Joe Schmoe has flaws, just like the rest of us. He has a hard time understanding people’s experiences / reactions that are different than his own. I’ve tried for years to get him to understand that my general anxiety disorder is different than times he has felt anxious because of work. He tried to understand, but his reactions to when I felt pretty much paralyzed because of my anxiety showed he didn’t get it. This summer, I explained what happens when the anxiety hits. That I want to hide under the covers. I can’t stop thinking about it. I lose sleep. It interferes with things I enjoy. One Christmas was ruined because I was worried students’ parents would be mad that I got them Christmas presents. That the anxiety is usually caused or triggered by mundane things. Things that I intellectually know are not big deals. Things that I know what to do or say, but am really freaked out/scared/worried about doing. That I have to imagine putting those worries in a box, locking it, putting on the top shelf and locking the door and then giving the keys to someone I trust. And I have to remind myself of that vision often.
I explained this because of my anxiety over dealing with my homeowners insurance with the flood, arguing over warranties, trying to get my account right with the internet company that didn’t put my account on vacation as asked, and trying to negotiate a better deal for my satellite tv. That those things all at once, had me wanting to run for the covers. No amount of “listening to him” do it would help for future circumstances because I already knew the basic things to say. That didn’t make the anxiety go away. It didn’t make my belief that such representatives tend to listen to men better than women go away. It didn’t make my worries about money and being screwed over disappear. He worked on the things I was stressed about, but I still didn’t think he got it completely.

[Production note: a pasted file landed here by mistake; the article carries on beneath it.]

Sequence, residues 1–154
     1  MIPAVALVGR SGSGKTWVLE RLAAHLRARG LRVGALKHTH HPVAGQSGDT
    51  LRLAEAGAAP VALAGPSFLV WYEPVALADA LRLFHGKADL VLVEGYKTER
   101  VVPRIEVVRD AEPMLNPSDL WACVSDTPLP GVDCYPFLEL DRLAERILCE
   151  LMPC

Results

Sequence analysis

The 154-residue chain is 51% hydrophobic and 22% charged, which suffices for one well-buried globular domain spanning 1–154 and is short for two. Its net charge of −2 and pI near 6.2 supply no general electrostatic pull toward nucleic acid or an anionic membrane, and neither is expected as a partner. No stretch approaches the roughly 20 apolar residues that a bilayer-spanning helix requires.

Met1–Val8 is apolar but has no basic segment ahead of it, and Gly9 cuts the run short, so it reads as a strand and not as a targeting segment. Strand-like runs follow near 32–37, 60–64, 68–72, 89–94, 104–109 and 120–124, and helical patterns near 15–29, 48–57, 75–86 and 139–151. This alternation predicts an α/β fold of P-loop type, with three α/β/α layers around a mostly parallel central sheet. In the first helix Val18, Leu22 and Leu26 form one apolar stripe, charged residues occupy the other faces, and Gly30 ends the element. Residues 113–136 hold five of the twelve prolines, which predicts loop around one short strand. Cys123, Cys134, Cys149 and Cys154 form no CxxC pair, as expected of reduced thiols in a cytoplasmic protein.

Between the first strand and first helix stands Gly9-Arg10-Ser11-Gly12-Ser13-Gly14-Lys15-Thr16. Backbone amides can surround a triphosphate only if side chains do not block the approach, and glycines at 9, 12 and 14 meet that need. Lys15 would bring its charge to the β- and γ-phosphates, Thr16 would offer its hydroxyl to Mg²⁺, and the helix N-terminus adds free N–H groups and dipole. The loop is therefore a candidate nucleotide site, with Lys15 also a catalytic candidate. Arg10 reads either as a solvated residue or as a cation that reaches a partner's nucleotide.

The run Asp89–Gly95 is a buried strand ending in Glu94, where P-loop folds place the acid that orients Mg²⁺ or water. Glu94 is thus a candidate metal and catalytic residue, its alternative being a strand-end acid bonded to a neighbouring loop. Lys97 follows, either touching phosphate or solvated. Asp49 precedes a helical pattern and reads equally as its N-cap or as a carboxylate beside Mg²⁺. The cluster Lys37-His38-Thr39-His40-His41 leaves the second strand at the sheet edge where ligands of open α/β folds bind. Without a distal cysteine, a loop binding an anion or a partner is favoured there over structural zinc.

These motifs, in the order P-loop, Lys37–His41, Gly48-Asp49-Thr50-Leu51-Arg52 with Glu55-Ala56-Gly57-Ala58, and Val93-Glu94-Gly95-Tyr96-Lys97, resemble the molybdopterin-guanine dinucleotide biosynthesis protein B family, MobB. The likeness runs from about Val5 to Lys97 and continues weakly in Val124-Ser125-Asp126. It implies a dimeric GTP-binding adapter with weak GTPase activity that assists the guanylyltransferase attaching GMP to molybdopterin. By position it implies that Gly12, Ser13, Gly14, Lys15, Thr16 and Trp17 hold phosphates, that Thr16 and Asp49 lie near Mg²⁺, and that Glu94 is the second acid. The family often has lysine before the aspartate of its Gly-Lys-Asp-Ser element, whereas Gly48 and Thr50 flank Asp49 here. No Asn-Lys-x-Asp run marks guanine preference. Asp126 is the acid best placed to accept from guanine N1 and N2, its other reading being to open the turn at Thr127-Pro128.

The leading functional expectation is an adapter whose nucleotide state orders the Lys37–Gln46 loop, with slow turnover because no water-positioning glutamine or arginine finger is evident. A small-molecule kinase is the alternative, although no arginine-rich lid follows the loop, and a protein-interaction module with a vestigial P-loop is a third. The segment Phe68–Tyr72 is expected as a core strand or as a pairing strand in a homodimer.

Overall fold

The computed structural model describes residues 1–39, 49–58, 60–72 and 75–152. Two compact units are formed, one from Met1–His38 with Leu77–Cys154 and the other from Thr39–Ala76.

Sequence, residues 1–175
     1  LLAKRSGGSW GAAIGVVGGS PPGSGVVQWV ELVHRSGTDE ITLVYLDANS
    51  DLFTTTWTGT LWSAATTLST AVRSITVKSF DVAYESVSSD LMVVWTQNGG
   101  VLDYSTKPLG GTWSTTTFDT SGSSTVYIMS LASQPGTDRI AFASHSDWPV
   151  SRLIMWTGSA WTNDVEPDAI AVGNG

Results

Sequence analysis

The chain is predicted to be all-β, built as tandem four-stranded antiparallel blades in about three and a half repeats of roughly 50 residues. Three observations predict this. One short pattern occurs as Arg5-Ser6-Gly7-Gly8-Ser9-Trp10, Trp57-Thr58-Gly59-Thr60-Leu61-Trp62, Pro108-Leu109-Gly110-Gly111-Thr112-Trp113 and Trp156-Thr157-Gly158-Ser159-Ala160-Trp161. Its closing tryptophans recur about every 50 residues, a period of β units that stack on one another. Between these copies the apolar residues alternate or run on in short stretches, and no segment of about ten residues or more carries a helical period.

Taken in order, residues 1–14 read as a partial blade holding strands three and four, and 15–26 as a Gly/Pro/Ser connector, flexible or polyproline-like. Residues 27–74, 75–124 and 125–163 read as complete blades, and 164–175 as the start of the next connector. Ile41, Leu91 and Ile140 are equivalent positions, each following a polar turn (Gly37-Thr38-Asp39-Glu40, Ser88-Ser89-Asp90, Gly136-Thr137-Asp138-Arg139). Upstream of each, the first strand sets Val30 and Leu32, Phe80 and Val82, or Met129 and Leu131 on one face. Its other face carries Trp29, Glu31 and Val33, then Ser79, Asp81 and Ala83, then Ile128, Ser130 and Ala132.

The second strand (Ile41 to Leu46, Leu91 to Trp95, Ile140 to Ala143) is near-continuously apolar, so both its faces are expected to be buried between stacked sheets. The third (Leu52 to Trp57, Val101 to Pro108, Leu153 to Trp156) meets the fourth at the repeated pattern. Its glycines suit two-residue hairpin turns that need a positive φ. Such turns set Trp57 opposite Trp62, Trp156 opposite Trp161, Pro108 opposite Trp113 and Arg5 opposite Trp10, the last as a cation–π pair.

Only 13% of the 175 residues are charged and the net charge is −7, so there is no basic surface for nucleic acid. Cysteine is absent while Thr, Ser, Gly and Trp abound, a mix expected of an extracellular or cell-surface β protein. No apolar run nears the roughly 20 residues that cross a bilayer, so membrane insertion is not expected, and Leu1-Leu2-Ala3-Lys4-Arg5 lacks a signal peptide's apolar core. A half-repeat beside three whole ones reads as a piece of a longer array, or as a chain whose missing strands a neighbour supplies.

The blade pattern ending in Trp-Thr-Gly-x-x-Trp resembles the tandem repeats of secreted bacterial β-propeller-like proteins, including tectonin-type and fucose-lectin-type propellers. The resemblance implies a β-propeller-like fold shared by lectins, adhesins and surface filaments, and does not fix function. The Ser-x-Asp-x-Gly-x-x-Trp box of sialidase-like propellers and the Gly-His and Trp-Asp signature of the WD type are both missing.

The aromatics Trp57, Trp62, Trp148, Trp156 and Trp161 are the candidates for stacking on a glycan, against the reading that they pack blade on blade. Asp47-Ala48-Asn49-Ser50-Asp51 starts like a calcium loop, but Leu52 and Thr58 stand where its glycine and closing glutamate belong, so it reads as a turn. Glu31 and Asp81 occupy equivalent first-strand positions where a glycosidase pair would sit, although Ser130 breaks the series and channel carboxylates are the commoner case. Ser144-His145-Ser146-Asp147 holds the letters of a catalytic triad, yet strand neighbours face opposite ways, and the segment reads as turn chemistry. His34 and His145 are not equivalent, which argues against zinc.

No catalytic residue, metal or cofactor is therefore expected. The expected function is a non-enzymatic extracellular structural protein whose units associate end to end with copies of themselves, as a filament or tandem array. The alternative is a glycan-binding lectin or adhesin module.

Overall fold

With my dish washer problem, I was getting pretty frustrated. I e-mailed my Joe Schmoe about some Labor Day ads on appliances I saw in the paper and asked his advice about which way to go. Before I could open the e-mail which said I should go into Lowe’s, see if they had any open boxed dish washers, and negotiate an even lower price, he called to offer to call the store himself and negotiate because he knew how much it upset me. I was grateful, and he agreed, but there were no such dish washers. He gave me the best advice he could and I went into the store to pick a model myself.
I called him afterwards to tell him what I picked. He told me he was proud of me. Just now he texted me to tell me he just told my grandma how proud of me he was — because of the dish washer.
Now. I don’t need him to go overboard about being proud of me doing simple things that I should be doing. But I think he’s starting to get it.
Have you seen Teaching Tolerance? It’s run by the southern poverty law center and they have PD, lesson plans and free resources for all grade levels, including pre-k. I’ve used it and like it.
I’m very familiar with Teaching Tolerance and have attended a couple events they have put on. I’ve used some of their stuff when I taught older grades, but wasn’t aware they had Pre-K stuff. I’m looking it up right now.